On June 27 1967 De La Rue wins the race to unveil the first machine, drawing crowds to the unveiling.

delarue_crowd
picture courtesy De La Rue Ltd.

The concept is developed by John Shepherd- Barron. He came up with a self-service machine which dispenses paper currency on a 24/7 basis. The first of this type of machines will be installed outside a north London branch of Barclays Bank in 1967.
It uses paper vouchers bought from tellers. The machine is called the De La Rue Automatic Cash System, or DACS.(7)

1968

pointerThe concept of the ATM established by Wenzel.

pointerCard-eating: Barclays and a few other banks introduce a machine that encodes cash on plastic cards purchased from a teller. The problem is that the machine always eats the cards, and customers have to buy new cards if they want to make more transactions. (8)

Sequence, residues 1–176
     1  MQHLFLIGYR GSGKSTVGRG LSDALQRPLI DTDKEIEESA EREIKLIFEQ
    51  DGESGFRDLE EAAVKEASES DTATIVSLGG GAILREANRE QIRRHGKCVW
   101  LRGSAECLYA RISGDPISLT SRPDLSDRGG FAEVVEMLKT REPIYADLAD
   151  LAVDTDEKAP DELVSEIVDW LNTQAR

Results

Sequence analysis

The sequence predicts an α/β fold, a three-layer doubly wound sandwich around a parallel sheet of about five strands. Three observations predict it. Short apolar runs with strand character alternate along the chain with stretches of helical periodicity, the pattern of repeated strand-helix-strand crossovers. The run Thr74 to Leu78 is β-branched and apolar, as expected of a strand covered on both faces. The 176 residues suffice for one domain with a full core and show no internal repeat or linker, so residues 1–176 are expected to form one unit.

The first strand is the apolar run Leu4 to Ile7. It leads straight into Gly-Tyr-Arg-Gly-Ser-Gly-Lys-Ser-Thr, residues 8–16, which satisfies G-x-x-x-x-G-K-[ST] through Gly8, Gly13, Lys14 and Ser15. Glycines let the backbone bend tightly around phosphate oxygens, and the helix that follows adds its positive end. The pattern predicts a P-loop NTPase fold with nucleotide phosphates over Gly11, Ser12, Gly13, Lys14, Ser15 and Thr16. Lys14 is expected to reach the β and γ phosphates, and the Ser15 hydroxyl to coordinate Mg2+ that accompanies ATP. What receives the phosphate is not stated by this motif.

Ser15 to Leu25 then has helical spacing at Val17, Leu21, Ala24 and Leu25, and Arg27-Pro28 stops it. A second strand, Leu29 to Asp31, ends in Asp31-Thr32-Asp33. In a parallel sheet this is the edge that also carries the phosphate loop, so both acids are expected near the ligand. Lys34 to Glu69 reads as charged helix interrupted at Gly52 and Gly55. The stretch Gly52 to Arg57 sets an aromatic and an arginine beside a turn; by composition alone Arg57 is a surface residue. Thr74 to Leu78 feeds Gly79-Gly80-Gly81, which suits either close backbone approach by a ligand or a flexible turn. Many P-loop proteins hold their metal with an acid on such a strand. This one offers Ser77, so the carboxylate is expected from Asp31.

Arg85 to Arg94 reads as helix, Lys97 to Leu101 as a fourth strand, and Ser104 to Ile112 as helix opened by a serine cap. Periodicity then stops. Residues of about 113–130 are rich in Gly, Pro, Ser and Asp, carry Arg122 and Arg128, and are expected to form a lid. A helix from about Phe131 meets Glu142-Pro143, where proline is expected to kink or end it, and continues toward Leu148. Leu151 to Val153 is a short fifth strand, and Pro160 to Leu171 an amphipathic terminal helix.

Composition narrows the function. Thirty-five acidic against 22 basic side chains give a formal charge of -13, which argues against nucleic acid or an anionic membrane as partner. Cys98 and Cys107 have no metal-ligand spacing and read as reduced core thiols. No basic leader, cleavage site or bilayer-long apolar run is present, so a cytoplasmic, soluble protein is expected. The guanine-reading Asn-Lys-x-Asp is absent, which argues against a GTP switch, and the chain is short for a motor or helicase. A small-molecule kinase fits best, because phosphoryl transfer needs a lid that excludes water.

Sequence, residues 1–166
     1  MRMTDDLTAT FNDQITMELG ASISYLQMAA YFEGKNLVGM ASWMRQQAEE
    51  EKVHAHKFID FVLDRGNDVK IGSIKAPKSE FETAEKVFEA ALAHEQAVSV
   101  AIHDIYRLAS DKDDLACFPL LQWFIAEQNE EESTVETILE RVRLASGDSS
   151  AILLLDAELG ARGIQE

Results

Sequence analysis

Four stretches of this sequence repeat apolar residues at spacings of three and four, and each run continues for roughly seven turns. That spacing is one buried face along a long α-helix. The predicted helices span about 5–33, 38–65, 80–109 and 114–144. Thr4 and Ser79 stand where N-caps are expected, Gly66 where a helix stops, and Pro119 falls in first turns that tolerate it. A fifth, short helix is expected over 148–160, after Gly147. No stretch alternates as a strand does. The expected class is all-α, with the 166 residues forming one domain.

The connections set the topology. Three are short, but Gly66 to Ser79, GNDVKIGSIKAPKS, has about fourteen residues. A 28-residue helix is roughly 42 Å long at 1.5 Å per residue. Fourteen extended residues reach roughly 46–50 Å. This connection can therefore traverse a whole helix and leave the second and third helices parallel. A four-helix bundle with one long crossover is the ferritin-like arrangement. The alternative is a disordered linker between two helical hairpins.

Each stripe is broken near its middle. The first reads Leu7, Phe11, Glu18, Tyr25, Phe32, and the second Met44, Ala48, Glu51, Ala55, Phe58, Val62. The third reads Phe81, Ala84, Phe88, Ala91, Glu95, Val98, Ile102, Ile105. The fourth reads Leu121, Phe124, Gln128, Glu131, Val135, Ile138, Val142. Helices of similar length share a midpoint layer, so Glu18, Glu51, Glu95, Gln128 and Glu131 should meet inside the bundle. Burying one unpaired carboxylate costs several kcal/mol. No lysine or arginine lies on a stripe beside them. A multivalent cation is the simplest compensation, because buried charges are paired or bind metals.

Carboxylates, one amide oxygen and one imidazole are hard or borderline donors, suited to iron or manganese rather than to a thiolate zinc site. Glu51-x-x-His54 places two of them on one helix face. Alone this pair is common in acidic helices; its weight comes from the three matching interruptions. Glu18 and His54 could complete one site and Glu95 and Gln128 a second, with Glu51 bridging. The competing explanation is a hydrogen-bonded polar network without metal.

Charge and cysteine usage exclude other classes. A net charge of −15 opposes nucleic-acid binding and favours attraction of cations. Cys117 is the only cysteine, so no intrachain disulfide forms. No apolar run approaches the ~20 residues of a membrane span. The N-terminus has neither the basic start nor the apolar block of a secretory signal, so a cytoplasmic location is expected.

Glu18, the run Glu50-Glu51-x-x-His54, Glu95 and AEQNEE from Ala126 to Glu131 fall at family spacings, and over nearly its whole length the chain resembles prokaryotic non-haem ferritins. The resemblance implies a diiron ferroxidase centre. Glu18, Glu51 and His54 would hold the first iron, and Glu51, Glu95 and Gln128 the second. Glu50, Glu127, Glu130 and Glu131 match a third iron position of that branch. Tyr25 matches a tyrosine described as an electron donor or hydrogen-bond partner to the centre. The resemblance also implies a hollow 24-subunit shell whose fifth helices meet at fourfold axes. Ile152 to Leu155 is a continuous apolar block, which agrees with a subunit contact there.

1969

pointerFirst use of ATM magstripe cards: Docutel installs its Docuteller machine at New York's Chemical Bank. The installation marks the first use of magnetically encoded plastic.

omron 1969
picture courtesy Omron

Chemical Bank's ad campaign announces: "On Sept. 2, our bank will open at 9:00 and never close again!"
Other manufacturers get into the game, but Docutel is the first to apply for a patent. Docutel is later credited by the Smithsonian’s National Museum of American History as being the ATM’s inventor. But most people in the industry recognize Docutel’s first machine as the first modern magstripe machine.